He's not dead! (Spoilers ahead!)
In last week's episode of ABC's Lost, we found out that Jin (Daniel Dae Kim) is alive and kicking. SCI FI Wire sat in on a group interview with Kim at New York Comic Con, where he talked about being back from the dead, what he knows, working in the sci-fi genre and his upcoming project, a musical. Following is an edited version of that interview. Lost airs Wednesdays at 9 p.m. ET/PT.
What's it like to be back from the dead?
Kim: [laughs] It feels good,and it feels nice to be missed.
When were you told about it?
Kim: Actually, I was told about it right before the script came out for the episode. For the finale. [Executive producer] Damon [Lindelof] called me and said, "You're going to read something that might sound a little shocking, but don't worry. You're still with us."
Aren't they rolling the dice a little bit if they don't tell you? They're sort of assuming you're going to be available.
Kim: Well, they never released me from my contract. So I was still obliged.
I guess that's a pretty good indication that you're coming back.
Kim: Savvy watchers would have seen my name in the opening few episodes as well.
Is it difficult not knowing where your character is going?
Kim: It was initially when we first started the show, but I kind of equate it to real life. You never know where you're going in real life. You wake up, you know who you are, hopefully, and you go on with your day.
How far ahead do you know, storywise?
Kim: I only know the specifics of the scripts I have in my hand. And right now that would be up to episode 14.
And have Sun [Yunjin Kim] and Jim reunited yet?
Kim: Uh, that I think you'll be surprised, hopefully, when you see it.
How many episodes will Rousseau be around for?
Kim: Which incarnation? [laughs] She's around, let's put it that way. ...
What's it like knowing that you have an endpoint to the series?
Kim: That's actually kind of reassuring. In television, a lot of times, ... you're really unsure how long you'll be working on a given project. But to be given a firm ending, we can actually prepare for it. So it's a good thing.
Do you have any plans for after the show or during the hiatus?
Kim: Yeah, during the hiatus I'm going to be going to London to do my first musical. I'll be starring in The King and I. At the Royal Albert Hall.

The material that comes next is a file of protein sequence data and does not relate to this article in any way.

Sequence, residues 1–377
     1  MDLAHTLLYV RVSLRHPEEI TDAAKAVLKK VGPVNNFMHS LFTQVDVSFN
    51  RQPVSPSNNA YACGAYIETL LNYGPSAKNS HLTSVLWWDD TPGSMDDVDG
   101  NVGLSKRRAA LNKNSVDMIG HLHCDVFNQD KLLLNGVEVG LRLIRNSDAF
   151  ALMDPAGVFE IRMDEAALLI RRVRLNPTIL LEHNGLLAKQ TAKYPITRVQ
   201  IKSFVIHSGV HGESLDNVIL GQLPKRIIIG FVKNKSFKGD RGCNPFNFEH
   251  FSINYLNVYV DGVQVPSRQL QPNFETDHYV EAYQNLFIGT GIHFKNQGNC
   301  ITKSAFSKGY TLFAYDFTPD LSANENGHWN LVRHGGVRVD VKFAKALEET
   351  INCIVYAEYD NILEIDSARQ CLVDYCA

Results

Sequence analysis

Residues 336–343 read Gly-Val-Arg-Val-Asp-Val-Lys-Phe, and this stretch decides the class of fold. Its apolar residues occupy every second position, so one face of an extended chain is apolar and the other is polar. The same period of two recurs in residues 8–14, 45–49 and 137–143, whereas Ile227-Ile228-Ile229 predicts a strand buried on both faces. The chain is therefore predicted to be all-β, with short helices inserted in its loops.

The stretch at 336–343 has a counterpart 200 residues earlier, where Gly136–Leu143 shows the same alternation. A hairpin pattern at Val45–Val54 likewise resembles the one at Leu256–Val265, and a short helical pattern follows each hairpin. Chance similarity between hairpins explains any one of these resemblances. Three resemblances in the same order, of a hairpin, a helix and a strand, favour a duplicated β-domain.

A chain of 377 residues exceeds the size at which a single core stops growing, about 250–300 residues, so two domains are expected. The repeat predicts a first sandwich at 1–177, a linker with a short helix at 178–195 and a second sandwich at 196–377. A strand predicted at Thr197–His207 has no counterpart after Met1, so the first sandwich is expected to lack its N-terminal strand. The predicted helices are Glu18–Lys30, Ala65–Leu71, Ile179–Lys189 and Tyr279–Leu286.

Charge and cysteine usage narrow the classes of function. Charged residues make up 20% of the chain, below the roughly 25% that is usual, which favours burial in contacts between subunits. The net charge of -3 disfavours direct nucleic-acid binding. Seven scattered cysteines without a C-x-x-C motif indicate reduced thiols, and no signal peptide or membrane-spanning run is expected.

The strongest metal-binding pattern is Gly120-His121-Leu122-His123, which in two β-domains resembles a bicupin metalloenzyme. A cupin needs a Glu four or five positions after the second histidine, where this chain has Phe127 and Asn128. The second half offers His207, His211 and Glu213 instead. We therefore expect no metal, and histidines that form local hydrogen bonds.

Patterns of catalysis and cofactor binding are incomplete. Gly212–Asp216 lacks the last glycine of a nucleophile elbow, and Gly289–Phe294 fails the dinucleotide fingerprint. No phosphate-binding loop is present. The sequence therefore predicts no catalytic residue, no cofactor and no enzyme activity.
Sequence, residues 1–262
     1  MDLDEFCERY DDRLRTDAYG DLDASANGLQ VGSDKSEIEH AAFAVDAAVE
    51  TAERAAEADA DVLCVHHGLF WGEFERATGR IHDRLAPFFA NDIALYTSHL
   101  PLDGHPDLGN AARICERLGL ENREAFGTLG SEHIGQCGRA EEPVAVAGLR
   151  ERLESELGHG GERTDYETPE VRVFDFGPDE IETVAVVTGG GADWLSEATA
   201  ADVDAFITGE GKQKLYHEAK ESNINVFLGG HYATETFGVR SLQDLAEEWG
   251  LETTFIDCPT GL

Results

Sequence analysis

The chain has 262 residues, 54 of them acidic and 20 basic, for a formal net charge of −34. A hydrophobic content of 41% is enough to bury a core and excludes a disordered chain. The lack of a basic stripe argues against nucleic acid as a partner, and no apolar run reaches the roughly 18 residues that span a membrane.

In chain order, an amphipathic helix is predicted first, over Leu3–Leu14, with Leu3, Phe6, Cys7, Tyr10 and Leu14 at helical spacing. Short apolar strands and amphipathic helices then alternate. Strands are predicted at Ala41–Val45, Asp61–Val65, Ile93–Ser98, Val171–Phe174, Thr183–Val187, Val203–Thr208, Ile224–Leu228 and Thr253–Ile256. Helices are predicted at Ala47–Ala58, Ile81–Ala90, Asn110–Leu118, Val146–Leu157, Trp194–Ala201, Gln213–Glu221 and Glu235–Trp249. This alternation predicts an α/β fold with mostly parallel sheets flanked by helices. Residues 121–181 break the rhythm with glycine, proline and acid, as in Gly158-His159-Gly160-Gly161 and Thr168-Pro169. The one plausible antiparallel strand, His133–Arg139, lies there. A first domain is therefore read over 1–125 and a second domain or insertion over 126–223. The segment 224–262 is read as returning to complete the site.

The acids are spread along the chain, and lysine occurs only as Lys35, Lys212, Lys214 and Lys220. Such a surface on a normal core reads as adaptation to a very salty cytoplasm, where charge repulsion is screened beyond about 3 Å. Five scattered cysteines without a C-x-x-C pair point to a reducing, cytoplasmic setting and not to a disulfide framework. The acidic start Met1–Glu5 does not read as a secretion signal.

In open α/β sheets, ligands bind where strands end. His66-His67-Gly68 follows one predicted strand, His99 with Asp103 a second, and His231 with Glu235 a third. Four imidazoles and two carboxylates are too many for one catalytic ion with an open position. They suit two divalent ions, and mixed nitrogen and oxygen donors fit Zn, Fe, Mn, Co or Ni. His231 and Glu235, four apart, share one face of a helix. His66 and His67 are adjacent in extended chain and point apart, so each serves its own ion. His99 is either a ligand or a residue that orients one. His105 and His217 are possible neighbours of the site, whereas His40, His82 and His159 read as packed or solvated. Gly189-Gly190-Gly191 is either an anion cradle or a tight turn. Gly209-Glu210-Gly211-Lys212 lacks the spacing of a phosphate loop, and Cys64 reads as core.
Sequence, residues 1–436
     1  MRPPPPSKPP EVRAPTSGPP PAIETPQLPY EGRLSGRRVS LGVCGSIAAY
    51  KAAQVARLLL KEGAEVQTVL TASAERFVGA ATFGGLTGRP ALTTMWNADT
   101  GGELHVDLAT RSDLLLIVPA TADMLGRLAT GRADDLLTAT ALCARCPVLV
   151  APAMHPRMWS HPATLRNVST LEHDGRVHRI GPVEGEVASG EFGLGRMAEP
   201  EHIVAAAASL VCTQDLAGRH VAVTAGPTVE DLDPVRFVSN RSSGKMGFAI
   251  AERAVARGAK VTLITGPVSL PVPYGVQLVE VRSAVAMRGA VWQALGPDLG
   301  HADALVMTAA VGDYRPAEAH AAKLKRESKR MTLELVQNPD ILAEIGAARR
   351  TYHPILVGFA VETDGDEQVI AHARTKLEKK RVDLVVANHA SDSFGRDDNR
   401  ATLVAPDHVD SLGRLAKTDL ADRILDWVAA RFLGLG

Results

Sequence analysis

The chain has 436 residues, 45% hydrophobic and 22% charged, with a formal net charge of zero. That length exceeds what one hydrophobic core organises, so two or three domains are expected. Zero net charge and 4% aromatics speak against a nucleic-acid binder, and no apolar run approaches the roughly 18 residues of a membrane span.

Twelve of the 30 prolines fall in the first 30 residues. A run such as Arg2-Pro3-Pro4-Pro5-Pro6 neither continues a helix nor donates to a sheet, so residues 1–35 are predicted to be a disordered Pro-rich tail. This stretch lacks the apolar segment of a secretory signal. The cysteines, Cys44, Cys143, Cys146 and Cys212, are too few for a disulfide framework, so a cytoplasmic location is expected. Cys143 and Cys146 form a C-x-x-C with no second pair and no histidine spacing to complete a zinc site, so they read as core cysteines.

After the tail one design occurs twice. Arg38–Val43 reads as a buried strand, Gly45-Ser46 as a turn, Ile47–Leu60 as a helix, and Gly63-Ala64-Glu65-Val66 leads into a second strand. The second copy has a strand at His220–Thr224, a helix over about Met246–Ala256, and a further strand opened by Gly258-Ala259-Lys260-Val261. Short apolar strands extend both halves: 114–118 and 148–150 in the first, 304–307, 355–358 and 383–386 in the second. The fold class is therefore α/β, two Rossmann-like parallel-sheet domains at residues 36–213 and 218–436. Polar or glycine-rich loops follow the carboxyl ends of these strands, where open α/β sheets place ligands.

How has that experience been? Have you been rehearsing for it?
Kim: Not yet. It's been pleasantly terrifying. I've never done a musical before, and I've been looking for a reason to get back on stage. This is a show I'd really like to do.
How are your singing skills?
Kim: Better every day.
For your next projects, would you like to stick in the sci-fi/fantasy area?
Kim: It's been odd. I mean, most of you know that I've done a lot of sci-fi. I don't quite know why that is. I guess it's just because science fiction has been a lot more open in terms of casting and inclusive in their universes. So I've been lucky to work in sci-fi the way I have. The genre doesn't matter to me as much as the stories that are being told and the character I play.
Can you talk a bit more about your character's evolution? There's been a growth with the show in syndication. On one channel you can barely communicate with the other islanders, and in this past week's episode you speak a little broken English.
Kim: Yeah, the growth rate when it comes to the language abilities—and there's also the more significant growth regarding his character. When I look back at the pilot and I see who Jin was at the time, ... I realize how far he's come. And I'm really thankful for it. I remember back when we were shooting the pilot, I had concerns about his personality and the way he treats his wife and his xenophobia, but I feel like [executive producers] Carlton [Cuse], David and J.J. [Abrams] really came through on their promise to me to make him a more interesting character.